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As Bama’s offense gets more amazing, its kicking game somehow gets worse

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Alabama’s offense looks better than ever, but #BamaKickers is now a weekly thing.

NCAA Football: Texas A&M at Alabama Marvin Gentry-USA TODAY Sports

The No. 1 Alabama Crimson Tide look like easily the most dominant team in the country so far. Thanks to a newly high-scoring offense, paired with the usual strong defense, Bama is arguably better than ever.

But despite the massive leap forward in the passing game and possible improvement at the team level as well, Bama’s only actual weakness throughout the Nick Saban era has somehow gotten even worse.

This, from Bill Connelly’s S&P+ rankings, pretty much says it all about 2018 Alabama:

First, let’s back up. For almost a decade now, Bama’s poor kicking has been a national joke, the only thing people can actually laugh at the Tide about.

Last season, senior kicker Andy Pappanastos missed two field goals in the national title game against Georgia, including a game-winning attempt for 36 yards:

During the 2011 LSU-Alabama round one, Bama missed field goals on its first three possessions, including this 49-yarder.

Oh yeah, and this one was a pretty consequential miss lmao:

Bama’s kicking was never the worst in the country, and it rarely swung games, but seeing a flaw so glaring in a team that annually brought in the No. 1 recruiting class was always entertaining. If nothing else, it was fun for everyone else to see the Tide being imperfect at something.

This year, it’s gotten even worse.

The Tide haven’t been good at kicking since 2009, when Leigh Tiffin hit 86 percent of his field goals. Since then:

  • 2010: 76 percent, or right about national average
  • 2011: 64 percent
  • 2012: 75 percent
  • 2013: 65 percent
  • 2014: 64 percent
  • 2015: 69 percent
  • 2016: 76 percent
  • 2017: 68 percent

In 2018, kickers Joseph Bulovas and Austin Jones have combined to make just 60 percent of field goals so far.

And that’s just the start of it.

Against Arkansas, the Tide missed their fourth extra point of the season, tied for second worst in the country behind Georgia State and New Mexico. Every year, about 40 FBS teams go through the entire season without missing even one extra point.

The last time the Crimson Tide missed four extra points in a season was back in — ironically enough — their good field goal year, 2009. Bama missed 43 of its 47 extra point attempts. The Tide are on pace to cruise past that number of misses this year.

At least the kickers get plenty of practice, due to this offense.

Thanks to the incredible quarterbacking of Tagovailoa, Bama is more terrifying than ever:

Midway through the damn season, he has yet to throw a fourth-quarter pass. Even the run-heavy QBs in this sample — Cam Newton in 2010 (117), Lamar Jackson in 2016 (163) — threw more than that in their easy six games. But that’s not really a critique, is it? That if he’d thrown fewer first half touchdowns, he’d be around more to throw them in the second half?

This is nuts! We have truly never before seen what he is doing right now.

And because he plays for Saban’s title-winning death machine, I fear we are almost underestimating him. He’s the far-and-away Heisman favorite at the moment, but we still aren’t appreciating enough what he is doing right now.

Alabama’s either in the top five or just outside it in the following stat categories: Offensive S&P+, Rushing S&P+, Passing S&P+, third down conversions, completion percentage, passer rating, passing yards per completion, scoring offense, team passing efficiency, total offense, and on and on.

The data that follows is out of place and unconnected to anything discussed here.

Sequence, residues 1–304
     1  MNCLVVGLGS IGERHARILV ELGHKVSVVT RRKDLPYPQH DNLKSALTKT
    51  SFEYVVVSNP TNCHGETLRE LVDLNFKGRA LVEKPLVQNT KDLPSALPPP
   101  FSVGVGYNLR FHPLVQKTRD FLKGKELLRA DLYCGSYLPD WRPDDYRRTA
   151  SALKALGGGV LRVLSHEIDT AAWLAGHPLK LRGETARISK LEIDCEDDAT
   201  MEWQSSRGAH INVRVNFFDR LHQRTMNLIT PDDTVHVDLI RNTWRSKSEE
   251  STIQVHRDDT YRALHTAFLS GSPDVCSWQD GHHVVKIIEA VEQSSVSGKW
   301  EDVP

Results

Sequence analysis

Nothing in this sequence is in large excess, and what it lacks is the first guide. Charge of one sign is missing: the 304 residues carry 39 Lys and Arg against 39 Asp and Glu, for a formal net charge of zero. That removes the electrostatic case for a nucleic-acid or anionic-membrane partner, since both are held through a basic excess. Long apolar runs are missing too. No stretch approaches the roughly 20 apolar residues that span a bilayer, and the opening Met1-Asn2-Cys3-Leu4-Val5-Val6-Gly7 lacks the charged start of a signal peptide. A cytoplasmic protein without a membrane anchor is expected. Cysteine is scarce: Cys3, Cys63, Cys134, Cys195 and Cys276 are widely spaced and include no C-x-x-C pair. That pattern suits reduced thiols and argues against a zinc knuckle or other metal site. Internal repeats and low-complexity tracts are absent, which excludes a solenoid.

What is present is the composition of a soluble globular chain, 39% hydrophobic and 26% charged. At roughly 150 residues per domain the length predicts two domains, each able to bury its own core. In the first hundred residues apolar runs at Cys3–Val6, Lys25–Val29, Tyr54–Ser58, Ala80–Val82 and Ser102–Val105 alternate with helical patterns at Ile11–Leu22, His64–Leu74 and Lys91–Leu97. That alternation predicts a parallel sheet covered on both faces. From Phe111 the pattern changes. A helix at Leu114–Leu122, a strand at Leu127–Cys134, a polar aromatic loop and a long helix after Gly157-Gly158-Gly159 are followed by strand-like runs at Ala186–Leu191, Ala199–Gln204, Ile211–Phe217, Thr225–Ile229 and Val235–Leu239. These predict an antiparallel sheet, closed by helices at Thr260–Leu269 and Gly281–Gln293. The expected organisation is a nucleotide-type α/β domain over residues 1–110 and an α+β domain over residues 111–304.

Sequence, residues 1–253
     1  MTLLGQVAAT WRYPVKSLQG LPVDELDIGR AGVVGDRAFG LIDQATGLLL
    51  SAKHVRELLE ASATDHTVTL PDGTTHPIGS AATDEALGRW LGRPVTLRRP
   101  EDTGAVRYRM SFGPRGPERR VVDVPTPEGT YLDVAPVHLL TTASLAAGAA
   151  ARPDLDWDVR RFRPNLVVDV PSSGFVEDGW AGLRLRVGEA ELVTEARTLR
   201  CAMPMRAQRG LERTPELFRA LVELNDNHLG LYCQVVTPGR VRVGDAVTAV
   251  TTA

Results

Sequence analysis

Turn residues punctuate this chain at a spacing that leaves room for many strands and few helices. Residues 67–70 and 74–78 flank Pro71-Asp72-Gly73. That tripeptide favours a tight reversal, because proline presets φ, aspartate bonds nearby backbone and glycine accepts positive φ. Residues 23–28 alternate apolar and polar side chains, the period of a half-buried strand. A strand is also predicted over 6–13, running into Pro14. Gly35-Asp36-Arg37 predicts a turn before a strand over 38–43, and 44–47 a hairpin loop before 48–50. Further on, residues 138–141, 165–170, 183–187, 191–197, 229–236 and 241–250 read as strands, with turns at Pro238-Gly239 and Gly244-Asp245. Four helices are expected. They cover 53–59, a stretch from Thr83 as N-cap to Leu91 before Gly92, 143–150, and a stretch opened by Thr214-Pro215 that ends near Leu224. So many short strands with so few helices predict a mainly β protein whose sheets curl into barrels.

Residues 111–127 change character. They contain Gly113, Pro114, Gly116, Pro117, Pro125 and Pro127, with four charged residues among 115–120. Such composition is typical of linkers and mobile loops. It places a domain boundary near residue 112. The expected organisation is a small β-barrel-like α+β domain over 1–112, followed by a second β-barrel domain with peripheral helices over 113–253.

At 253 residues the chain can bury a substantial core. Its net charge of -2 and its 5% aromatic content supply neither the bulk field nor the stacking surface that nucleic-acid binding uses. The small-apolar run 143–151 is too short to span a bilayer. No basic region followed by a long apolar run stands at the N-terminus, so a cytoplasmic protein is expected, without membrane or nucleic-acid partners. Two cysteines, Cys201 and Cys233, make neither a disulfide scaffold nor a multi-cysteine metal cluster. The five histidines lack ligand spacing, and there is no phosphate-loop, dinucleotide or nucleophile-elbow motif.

One irony of all this: Tagovailoa is part of the kicking unit, meaning he contributes in some way to Bama’s biggest strength and biggest weakness.

The former backup QB has retained the job despite taking over as the starter. I’m sure he’s doing a fine job of holding, though. If the kicking gets bad enough, maybe he can just start throwing trick play passes.

Bama’s kicking got off to a shaky start during the season opener against Louisville.

Jones was the initial starter, but Saban later named Bulovas the starter, putting a potential end to the Alabama position battle that had some actual drama to it:

What in the bleeping bleep is going on with Austin Jones? After missing a field goal, a point-after-attempt and having several wobbly other PATs that went through last week against Louisville, the Temple grad-transfer missed two PATs against Arkansas State and found himself on the bench. Joseph Bulovas took over and was a marked improvement.

The thing that is truly baffling is why Jones was the primary placekicker to begin with. Nick Saban hired assistant Jeff Banks whose specialty is coaching Special Teams to monitor this aspect of the game instead of an afterthought that it had been in the past. Was the fifth-year senior that much better in practice than the redshirt freshman Bulovas?

“I said earlier that the specialists need to perform,” Saban said after the game. “Obviously, when you miss two extra points, that’s not a good thing. I thought Joe did a good job when he went in there. Those two guys have been in close competition the whole time. I think it has a lot to do with confidence and sometimes when you lose your confidence, things don’t go right.”

All of this is funny, but it has yet to matter. It could in the postseason, though.

Down the stretch when Alabama has to play teams like LSU, Mississippi State, and Auburn, this could cost the Tide a game, depending on the situation. But it’s even more likely that this could bite Bama in the SEC title game or Playoff, when the games will likely be a lot closer than what we’ve seen so far.